– Complete loss of control of bodily functions
– Shock, circulatory collapse
– Bodies almost black
• Disease is endemic to India
• Often spread by religious pilgrimages
• Always burned out
• In 19th century, the difference was presence of
Europeans in India
• Spread to Europe, Asia & Africa along trade &
military routes
• 1st pandemic (1816-18)
– overland to Nepal, Afghan
– by sea to Asia, Africa
• 2nd pandemic (1826-1832)
to Russia 1831
Europe, winter of 1831-32
Canada, New York, 1832
Pacific coast, 1834
• Panic in Europe’s major cities
• No one knew what caused it
– Churches viewed it as a moral issue
– Others believed it was miasma
• Physicians emphasized protection of individual
• 3rd pandemic (1852-60)
– Worst impact in Russia
• 4th pandemic (1863-75)
– Mostly Europe & Africa
• During 3rd pandemic, debate between advocates
of miasma & contagion crystallized
• Major figure of this era was John Snow (181358)
• Snow spent many years thinking about cholera
prior to 1854
• In 1831, as a medical student, cared for coal
miners sick with cholera near Newcastle
– Later speculated that it was spread by invisible
entities on their hands
• Living in London by 1848 when cholera struck
• Investigated origins of this outbreak
• Again proposed contagion as reason for spread
• Speculated that contaminated food or water
might spread the disease
• Published these ideas in 1849
• Provided evidence to support them
• Snow’s hypothesis not well received
• Always alternative, more plausible explanations
• 1854 cholera outbreak in London
• Snow suspected spread was due to contaminated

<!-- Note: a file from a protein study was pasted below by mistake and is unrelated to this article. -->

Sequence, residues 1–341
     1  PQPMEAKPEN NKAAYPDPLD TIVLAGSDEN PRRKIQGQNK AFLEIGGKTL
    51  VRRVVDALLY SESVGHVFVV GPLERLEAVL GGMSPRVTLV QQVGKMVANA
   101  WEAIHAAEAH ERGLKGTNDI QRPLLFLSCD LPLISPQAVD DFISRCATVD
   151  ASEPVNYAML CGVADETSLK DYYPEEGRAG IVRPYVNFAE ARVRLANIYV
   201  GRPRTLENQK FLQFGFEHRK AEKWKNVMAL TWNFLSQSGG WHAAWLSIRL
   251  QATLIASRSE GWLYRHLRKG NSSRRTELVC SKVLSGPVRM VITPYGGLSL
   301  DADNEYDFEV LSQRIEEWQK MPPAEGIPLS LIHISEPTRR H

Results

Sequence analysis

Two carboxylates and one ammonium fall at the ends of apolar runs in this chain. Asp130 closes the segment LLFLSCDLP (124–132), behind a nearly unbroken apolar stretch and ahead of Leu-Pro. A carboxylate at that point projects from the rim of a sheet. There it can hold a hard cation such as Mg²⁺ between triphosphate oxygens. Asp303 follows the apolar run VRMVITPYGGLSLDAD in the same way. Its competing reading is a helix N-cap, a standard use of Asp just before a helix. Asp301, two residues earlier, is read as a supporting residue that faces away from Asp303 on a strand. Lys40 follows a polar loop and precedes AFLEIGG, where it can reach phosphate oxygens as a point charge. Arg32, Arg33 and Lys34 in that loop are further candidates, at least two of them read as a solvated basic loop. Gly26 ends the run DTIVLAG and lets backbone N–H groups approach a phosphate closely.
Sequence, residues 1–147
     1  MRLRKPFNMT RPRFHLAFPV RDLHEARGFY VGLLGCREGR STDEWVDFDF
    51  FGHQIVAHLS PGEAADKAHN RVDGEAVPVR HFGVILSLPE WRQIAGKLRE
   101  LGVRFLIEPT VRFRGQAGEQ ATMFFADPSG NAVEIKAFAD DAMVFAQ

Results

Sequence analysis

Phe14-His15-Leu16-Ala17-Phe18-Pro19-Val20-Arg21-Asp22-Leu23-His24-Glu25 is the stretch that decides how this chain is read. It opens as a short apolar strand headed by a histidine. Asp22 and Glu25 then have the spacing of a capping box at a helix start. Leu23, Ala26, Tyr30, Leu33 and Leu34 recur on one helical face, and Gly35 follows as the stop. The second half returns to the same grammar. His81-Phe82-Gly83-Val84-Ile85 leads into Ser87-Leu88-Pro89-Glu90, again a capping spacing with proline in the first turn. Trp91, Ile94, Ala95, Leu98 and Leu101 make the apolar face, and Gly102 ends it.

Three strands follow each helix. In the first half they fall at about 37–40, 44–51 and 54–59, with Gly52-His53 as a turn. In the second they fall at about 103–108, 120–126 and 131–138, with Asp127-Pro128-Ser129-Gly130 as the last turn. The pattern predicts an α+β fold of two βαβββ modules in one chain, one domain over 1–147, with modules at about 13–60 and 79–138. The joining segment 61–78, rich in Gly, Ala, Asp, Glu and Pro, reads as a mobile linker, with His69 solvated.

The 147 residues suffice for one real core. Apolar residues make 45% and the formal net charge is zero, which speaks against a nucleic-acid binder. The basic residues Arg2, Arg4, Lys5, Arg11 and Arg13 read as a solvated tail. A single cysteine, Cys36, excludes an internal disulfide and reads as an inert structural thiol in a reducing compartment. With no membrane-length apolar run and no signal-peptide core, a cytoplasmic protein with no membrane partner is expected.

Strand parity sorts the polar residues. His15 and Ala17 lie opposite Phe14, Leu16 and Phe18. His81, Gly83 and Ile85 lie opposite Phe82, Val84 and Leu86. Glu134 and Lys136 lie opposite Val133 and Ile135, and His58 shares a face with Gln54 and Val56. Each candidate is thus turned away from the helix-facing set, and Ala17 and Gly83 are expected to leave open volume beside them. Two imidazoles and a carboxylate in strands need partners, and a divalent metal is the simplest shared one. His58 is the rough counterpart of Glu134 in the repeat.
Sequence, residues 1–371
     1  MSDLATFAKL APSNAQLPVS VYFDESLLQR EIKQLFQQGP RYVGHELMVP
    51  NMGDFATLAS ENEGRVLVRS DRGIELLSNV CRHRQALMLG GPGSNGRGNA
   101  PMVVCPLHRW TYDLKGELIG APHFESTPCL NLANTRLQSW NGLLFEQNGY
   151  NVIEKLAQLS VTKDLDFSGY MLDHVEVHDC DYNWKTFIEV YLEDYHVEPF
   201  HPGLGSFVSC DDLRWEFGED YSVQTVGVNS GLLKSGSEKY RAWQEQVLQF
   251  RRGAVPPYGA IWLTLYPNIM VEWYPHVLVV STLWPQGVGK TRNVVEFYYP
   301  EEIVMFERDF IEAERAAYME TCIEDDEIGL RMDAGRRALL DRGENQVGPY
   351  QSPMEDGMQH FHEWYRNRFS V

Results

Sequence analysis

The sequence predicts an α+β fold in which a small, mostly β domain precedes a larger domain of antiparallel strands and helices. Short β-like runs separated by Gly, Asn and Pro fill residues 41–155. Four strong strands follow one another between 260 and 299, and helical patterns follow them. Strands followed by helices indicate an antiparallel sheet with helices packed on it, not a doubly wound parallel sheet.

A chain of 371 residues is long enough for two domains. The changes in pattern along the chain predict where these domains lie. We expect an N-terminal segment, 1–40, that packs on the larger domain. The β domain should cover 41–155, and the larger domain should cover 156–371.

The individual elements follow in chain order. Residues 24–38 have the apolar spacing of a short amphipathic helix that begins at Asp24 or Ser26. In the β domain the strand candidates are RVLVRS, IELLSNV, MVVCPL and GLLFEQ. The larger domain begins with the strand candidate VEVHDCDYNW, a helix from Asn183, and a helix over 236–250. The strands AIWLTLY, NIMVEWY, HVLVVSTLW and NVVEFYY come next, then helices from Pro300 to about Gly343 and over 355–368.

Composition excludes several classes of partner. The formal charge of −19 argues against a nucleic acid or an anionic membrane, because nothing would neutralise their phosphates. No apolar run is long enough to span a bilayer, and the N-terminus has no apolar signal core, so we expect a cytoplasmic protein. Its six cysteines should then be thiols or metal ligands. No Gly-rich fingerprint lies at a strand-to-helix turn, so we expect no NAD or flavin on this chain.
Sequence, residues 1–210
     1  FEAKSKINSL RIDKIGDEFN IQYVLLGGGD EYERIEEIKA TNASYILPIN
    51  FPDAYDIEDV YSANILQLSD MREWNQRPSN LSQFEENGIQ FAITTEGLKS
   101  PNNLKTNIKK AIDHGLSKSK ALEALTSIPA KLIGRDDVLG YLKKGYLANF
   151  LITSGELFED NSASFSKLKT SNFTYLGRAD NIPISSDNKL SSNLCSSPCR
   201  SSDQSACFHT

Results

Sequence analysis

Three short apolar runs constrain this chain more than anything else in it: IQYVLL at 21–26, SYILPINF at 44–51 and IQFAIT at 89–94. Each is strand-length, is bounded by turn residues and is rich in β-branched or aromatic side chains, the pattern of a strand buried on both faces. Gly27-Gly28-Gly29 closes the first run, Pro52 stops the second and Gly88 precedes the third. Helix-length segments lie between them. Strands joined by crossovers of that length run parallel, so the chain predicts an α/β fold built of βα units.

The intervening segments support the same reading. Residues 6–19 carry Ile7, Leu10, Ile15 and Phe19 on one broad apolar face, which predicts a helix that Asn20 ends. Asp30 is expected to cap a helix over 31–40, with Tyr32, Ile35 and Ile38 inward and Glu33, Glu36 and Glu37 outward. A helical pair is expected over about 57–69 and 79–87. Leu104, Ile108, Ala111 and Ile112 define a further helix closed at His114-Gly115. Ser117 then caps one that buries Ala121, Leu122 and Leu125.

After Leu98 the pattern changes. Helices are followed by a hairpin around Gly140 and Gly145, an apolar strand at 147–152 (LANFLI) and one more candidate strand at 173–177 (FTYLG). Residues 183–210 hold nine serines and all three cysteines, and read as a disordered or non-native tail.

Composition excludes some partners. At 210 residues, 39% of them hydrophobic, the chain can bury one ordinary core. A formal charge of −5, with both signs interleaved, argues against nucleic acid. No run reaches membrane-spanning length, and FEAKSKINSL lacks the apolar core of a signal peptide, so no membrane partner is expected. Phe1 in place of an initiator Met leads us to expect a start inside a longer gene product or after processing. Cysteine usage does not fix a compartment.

• Perfect natural experiment existed in the district
where he was working
• 2 different water companies supplied water to
the district
– One drew water from contaminated section of the
Thames River (Southwark & Vauxhall Co.)
– One drew water from above the sewage outlets
(Lambeth Co.)
• Snow traced local victims & determined who
had consumed water from which source
• Statistical analysis indicated 71:5 ratio of deaths
from Southwark & Vauxhall as opposed to
• Results still not accepted
• Alternative theories proposed by supporters of
• In late August, cholera broke out in Soho
• Water companies supplying water had a clean
• Snow speculated that a pump on Broad St.
might be contaminated
• Initial investigation of pump proved negative
• Snow mapped all cholera victims
• Used this evidence to persuade removal of the
handle of the Broad St. pump
• Epidemic stopped
• Subsequently, source of contamination found
• Several points must be made about Snow’s
contributions to germ theory
– He was often unwilling to go head to head with
colleagues who supported miasma
– He beat William Budd by 10 days in publishing his
theory of the spread of cholera
– Cholera bacillus was seen under a microscope in
1854 by Fillipo Pacini, whose findings were not
translated into English
• William Farr proposed an equally plausible
theory (for the times) as to why cholera deaths
were concentrated near the Thames River
• Some historians argue that Farr contributed far
more to epidemiology than did Snow
• Snow just happened to be correct
• By 1860s, germ theory accepted
• V. cholerae “rediscovered by Koch in 1884